The evening honored those who have already achieved great success, spotlighted those who represent incredible promise, and remembered those who have left their lasting footprints on the sand and spirit of times and places. We knew that without the sacrifices and struggles of early Sikh pioneers we would not be standing here in such pride, dignity, and acceptance today.

Outstanding pioneers, role models, and achievements

The individuals honored at the Gala have proved to themselves and to us that it is possible to be the best among the brilliant and excel against outstanding odds. One needs the will, a daring and innovative spirit, and unshaken determination. They understand that the presence of a strong faith, networking with people and institutions, making new friends, and presenting a vision that serves many, makes a difference. The Honorees have these qualities in abundance.

I had the pleasure to visit with Dr. Sheela Basrur, one of the Honorees at the Gala, who is the brilliant and very accomplished Chief Health Officer of Ontario and Assistant Deputy Minister of Public Health in the Ontario Ministry of Health and Long-Term Care. In response to a question about the Canadian Universal Healthcare System, Dr. Basrur said that the Canadian Healthcare Model is based on our, “collective responsibility, collective good; everyone pays, everyone benefits.” She gently and with the courage of her conviction added that, “any civilized country, anywhere, should provide healthcare as a basic and fundamental right.” I hope that someday this vision will be possible in all nations.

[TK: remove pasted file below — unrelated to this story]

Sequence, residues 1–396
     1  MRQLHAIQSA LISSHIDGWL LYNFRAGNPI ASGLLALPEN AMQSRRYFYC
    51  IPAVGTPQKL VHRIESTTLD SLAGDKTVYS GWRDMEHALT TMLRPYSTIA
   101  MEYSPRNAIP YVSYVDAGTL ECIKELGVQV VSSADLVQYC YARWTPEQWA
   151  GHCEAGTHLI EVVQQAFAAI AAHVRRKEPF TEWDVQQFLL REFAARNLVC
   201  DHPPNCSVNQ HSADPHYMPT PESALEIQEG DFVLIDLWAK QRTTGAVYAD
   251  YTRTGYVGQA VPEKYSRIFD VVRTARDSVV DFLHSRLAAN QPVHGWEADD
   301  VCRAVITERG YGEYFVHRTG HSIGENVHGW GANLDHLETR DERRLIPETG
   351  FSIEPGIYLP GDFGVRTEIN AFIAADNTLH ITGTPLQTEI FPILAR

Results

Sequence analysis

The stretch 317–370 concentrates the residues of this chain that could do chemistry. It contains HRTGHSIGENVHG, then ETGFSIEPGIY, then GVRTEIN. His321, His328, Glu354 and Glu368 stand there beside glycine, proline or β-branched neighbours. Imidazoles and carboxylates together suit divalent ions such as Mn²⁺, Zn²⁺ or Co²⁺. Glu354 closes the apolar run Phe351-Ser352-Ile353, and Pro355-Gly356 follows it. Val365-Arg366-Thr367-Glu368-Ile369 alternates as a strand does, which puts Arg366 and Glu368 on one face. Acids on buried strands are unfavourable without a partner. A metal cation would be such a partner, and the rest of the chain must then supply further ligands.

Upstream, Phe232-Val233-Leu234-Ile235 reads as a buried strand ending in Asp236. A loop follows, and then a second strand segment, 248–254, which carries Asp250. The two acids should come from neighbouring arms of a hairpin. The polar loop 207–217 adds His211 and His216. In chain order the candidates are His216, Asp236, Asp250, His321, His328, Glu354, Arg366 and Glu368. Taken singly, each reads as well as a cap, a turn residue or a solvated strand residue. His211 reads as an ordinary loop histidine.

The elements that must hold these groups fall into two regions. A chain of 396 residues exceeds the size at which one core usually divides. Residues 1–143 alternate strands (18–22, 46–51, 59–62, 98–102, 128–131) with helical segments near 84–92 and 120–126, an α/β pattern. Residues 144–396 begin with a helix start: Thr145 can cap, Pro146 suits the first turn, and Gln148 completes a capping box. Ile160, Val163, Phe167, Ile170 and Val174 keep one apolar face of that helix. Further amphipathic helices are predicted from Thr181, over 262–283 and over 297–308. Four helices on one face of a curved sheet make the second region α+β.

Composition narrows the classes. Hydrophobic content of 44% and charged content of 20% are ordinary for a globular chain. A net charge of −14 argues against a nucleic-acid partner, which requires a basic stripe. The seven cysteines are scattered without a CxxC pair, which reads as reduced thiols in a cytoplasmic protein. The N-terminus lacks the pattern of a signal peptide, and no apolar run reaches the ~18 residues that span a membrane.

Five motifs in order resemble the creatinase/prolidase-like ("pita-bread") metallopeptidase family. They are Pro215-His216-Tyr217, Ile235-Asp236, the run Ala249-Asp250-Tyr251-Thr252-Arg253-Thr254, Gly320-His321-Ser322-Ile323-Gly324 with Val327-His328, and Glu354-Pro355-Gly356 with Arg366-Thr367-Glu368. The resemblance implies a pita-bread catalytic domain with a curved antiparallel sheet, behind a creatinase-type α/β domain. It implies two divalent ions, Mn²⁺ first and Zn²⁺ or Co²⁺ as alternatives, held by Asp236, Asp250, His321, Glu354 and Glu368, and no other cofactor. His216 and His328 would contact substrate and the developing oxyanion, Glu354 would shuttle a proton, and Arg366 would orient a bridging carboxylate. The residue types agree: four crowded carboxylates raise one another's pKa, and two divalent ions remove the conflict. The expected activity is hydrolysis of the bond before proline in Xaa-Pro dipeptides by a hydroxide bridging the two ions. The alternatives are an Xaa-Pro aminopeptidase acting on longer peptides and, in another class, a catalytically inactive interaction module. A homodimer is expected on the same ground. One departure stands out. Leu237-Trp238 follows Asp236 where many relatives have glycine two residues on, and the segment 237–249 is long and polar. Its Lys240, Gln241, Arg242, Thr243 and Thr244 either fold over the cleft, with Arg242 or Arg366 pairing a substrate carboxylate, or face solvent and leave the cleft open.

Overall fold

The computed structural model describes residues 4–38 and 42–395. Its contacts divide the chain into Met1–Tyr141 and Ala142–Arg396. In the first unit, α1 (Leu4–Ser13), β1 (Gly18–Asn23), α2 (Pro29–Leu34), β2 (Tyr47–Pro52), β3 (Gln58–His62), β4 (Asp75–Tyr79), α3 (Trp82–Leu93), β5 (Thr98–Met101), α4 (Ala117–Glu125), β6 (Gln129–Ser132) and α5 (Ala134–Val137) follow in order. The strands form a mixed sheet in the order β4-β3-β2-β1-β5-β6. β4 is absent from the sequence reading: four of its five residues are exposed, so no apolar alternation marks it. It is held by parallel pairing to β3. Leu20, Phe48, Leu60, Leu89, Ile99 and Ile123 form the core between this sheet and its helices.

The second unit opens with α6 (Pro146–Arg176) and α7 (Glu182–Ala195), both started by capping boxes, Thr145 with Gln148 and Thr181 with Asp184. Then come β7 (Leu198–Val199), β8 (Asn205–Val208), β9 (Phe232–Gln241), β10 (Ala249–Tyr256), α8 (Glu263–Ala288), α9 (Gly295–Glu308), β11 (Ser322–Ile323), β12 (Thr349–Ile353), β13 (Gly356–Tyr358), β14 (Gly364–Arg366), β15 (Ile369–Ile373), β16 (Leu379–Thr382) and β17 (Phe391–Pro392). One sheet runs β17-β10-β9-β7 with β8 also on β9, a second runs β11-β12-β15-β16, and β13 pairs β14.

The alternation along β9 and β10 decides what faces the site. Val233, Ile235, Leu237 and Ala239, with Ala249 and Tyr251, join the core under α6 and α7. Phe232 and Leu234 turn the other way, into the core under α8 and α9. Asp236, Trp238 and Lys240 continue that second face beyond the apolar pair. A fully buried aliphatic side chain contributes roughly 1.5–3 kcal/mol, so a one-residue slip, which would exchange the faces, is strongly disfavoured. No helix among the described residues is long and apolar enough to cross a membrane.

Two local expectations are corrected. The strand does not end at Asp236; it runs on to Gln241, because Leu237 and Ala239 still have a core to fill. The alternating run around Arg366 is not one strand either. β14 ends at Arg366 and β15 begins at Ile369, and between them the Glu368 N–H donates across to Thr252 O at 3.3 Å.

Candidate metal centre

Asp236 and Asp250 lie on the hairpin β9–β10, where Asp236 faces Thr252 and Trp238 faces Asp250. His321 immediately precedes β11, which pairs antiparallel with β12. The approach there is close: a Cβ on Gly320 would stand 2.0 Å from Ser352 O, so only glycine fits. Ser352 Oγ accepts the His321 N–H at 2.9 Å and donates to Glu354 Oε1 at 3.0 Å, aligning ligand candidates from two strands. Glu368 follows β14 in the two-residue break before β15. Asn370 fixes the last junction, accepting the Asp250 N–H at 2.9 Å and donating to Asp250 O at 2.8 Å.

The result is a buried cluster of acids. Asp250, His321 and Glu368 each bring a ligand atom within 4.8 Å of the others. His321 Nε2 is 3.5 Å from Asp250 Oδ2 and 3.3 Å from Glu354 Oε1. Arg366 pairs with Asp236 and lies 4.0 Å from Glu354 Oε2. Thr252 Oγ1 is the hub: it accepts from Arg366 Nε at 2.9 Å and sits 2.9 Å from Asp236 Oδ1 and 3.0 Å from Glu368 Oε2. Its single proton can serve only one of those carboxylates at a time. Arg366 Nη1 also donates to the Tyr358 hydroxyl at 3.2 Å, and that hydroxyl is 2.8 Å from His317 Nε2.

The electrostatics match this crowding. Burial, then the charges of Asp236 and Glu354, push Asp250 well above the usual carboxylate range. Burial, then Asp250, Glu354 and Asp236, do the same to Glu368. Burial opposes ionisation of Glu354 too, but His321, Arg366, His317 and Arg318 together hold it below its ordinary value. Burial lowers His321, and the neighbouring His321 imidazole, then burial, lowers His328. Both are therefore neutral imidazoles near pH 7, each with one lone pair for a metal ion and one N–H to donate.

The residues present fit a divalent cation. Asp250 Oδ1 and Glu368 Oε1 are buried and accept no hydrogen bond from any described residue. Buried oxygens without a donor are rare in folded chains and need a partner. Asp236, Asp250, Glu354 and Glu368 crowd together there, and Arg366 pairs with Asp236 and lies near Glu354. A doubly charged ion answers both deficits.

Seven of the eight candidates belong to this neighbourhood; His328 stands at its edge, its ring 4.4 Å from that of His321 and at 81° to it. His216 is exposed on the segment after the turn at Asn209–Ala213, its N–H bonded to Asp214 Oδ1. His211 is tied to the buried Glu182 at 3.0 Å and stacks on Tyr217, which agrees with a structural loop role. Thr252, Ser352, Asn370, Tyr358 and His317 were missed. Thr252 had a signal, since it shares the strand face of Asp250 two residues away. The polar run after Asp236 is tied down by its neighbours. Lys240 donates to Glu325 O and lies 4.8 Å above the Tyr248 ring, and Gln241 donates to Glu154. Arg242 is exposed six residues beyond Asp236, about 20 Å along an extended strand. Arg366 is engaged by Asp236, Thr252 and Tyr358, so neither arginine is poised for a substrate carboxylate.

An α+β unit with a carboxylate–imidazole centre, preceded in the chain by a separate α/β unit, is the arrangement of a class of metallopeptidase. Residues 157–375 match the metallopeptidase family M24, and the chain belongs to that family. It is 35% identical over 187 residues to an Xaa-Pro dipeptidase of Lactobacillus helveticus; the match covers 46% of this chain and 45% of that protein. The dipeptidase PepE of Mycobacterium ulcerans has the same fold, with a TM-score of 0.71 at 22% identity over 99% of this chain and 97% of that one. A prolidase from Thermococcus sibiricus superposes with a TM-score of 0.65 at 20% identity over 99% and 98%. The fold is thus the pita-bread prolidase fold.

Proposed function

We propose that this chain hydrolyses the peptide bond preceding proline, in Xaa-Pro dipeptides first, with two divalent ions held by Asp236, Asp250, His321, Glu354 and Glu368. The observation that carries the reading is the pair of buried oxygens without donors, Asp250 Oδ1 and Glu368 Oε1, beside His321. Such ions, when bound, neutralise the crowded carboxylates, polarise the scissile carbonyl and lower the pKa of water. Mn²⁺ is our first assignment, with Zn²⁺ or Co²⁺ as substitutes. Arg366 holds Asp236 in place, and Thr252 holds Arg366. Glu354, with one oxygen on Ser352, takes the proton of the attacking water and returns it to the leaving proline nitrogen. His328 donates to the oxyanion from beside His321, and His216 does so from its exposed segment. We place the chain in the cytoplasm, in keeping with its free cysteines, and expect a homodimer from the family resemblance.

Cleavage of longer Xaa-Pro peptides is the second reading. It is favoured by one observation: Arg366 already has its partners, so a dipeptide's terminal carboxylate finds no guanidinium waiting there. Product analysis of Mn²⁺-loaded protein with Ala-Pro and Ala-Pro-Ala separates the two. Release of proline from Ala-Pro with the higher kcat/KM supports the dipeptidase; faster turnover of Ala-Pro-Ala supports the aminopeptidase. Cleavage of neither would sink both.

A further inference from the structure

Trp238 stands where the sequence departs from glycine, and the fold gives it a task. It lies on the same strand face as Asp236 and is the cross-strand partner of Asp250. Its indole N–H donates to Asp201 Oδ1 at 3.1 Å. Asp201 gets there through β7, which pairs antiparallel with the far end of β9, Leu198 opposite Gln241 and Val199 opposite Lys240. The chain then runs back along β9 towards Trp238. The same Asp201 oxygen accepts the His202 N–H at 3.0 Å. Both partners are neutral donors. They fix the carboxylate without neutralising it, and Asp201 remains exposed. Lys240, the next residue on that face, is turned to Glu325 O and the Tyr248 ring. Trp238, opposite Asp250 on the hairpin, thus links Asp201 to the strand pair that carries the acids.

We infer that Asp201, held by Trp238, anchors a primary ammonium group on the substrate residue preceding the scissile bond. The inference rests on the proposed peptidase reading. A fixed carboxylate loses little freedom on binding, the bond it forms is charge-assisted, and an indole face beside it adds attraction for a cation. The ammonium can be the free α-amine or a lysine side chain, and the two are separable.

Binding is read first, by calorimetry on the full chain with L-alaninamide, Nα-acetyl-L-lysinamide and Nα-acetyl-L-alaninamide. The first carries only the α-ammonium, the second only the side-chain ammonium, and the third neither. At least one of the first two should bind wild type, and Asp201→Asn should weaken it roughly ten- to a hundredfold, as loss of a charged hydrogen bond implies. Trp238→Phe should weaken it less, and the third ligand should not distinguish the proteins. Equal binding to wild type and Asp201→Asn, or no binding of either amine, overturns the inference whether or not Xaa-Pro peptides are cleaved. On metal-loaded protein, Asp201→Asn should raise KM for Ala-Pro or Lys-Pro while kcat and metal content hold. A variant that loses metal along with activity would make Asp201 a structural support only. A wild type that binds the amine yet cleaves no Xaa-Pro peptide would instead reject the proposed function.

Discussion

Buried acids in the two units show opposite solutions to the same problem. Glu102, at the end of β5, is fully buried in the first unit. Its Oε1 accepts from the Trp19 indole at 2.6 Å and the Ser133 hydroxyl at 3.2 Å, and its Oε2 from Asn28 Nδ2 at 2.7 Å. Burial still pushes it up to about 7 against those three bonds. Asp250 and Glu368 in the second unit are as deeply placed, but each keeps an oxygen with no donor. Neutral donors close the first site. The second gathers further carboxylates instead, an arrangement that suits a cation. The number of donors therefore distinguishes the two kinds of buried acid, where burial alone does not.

The other Honorees who received the prestigious 2007 Seva Awards included:

Waris Singh Ahluwalia: Waris is a Sikh actor who has worked with Hollywood actors Denzel Washington and Bill Murray. He is the creator and promoter of “House of Waris” jewelry brand.

Bhupinder (Peter) Singh Bance: An independent researcher, author, and historian; Peter has a keen interest in Anglo-Sikh history. He signed copies of his book on Maharaja Duleep Singh.

Tejinder Pal Singh Bindra: Senior Vice President and co-founder of Jeetish Group of Companies, Teji Bindra is the man behind the endowment of the Chair in Sikh Studies at Hofstra University. He is the President of Sikh Art and Film Foundation that organized the Sikh Exhibit at The Ruben Museum.

Navjeet (Bob) Singh Dhillon: A Real Estate magnate, Mr. Dhillon is the President and CEO of Mainstreet Equity Corp. Bob Dhillon is poised to become the first Sikh-Canadian billionaire.

Valarie Kaur: Filmmaker and Journalist, Valarie is a third generation Sikh-American; she initiated and led the first course on, “Sikhism in America” at Stanford University. Valarie is the Producer/Writer of the acclaimed documentary, “Divided We Fall: Americans in the Aftermath.”